Salons nation-wide are facing a similar problem – finding reliable and quality staff, and many of them are coming to the salon solution, hiring mature aged apprentices as a worthwhile investment into their salon. We say ‘investment’ because these apprentices earn 80 per cent of a qualified hairdresser’s wage, but the results can be very worthwhile.
One salon franchise that has benefited from this entrepreneurial decision is Franck Provost Paris, which has made use of mature aged apprentices within their rapidly growing national salon empire. The franchise employs mature aged apprentices at their Macquarie centre salon, as well as Breakfast Point and Beecroft.
“For us, hiring mature apprentices is a big investment as their base wage is much higher than normal apprentices,” Franck Provost General Manager Raphael Veron explained. “However, we find that most of the time they are people who have a very good idea of what they want in life and why they are doing an apprenticeship in hairdressing. It makes them very reliable and dedicated team members. They are also hard workers and they are ready to work hard to get what they want. Until now we never had to complain about one of our mature apprentices in the network. They are all great people and we really want to help them to achieve their dream and become qualified hairstylists. At the end of the day, having apprentices is about investing on the future of your salon and on the industry in general. So it is better to invest on someone reliable on the long run, even if it costs a little bit more on the short term.”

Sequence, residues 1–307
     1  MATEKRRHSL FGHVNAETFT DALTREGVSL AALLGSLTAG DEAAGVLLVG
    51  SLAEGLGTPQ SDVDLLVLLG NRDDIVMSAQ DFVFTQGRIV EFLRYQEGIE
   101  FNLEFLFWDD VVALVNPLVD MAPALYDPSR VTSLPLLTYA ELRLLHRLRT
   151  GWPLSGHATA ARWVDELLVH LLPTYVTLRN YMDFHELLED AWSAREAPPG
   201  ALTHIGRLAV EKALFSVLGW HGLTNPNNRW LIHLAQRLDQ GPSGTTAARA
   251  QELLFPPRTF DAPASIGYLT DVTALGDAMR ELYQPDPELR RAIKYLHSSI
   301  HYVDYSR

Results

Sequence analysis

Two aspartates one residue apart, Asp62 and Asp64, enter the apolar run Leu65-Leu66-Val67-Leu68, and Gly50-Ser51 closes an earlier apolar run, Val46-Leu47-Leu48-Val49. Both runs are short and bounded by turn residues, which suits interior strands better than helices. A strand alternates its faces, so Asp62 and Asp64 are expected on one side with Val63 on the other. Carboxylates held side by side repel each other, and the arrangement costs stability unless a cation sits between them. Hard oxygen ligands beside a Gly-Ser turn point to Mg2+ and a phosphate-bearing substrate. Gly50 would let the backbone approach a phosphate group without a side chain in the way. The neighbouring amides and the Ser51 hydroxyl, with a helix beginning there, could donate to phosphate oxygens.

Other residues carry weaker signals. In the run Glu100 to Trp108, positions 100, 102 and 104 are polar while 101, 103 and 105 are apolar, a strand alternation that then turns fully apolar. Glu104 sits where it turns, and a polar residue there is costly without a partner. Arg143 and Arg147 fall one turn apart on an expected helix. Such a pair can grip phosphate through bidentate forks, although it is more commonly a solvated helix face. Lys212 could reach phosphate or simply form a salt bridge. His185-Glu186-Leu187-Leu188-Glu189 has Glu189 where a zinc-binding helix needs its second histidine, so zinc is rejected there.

These apprentices often come to the salon due to a career change, giving them alternate business and employment experience, and sometimes complementary skills that make them an ever greater asset to your hair salon team.
“I’ve worked as a makeup artist since 2001 and wanted to try my hand at hairdressing, as these two skills work really well together,” Karen Hudobro, who is a first year apprentice at Franck Provost Macquarie centre, shared of her personal experience. “I’ve done five different training sessions including an introduction to Franck Provost, consultation, two junior cutting courses and techni brush blowdrying. I’m really enjoying hairdressing and I’m so glad I made the move.” Top-tier education and practical learning experience in salon have made this transition more seamless. Karen may also be able to offer her clients additional makeup skills, allowing for an extra point of difference that benefits the salon.
For many salons, the benefit of age, wisdom, life experience and additional education or employment experience make the extra investment more than worthwhile, meaning we could see mature aged apprentices become a growing solution to employment problems.
Where does your salon fall on the topic of mature aged apprentices?
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